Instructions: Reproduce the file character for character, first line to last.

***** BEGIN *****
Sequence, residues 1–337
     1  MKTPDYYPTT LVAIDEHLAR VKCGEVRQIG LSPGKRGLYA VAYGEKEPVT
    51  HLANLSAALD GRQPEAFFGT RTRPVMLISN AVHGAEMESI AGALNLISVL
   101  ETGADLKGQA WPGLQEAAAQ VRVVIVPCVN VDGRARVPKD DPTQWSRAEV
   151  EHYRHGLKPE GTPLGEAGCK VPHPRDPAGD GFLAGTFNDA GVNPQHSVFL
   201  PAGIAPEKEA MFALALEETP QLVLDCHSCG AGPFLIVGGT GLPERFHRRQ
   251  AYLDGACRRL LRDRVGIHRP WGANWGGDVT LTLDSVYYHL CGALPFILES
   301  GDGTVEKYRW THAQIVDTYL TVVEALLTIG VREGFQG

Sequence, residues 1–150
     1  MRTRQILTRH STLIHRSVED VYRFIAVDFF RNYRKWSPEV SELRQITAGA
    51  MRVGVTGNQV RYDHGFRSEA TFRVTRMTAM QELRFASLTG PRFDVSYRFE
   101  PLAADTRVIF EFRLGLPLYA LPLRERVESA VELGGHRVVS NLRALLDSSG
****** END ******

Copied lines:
Sequence, residues 1–337
     1  MKTPDYYPTT LVAIDEHLAR VKCGEVRQIG LSPGKRGLYA VAYGEKEPVT
    51  HLANLSAALD GRQPEAFFGT RTRPVMLISN AVHGAEMESI AGALNLISVL
   101  ETGADLKGQA WPGLQEAAAQ VRVVIVPCVN VDGRARVPKD DPTQWSRAEV
   151  EHYRHGLKPE GTPLGEAGCK VPHPRDPAGD GFLAGTFNDA GVNPQHSVFL
   201  PAGIAPEKEA MFALALEETP QLVLDCHSCG AGPFLIVGGT GLPERFHRRQ
   251  AYLDGACRRL LRDRVGIHRP WGANWGGDVT LTLDSVYYHL CGALPFILES
   301  GDGTVEKYRW THAQIVDTYL TVVEALLTIG VREGFQG

Sequence, residues 1–150
     1  MRTRQILTRH STLIHRSVED VYRFIAVDFF RNYRKWSPEV SELRQITAGA
    51  MRVGVTGNQV RYDHGFRSEA TFRVTRMTAM QELRFASLTG PRFDVSYRFE
   101  PLAADTRVIF EFRLGLPLYA LPLRERVESA VELGGHRVVS NLRALLDSSG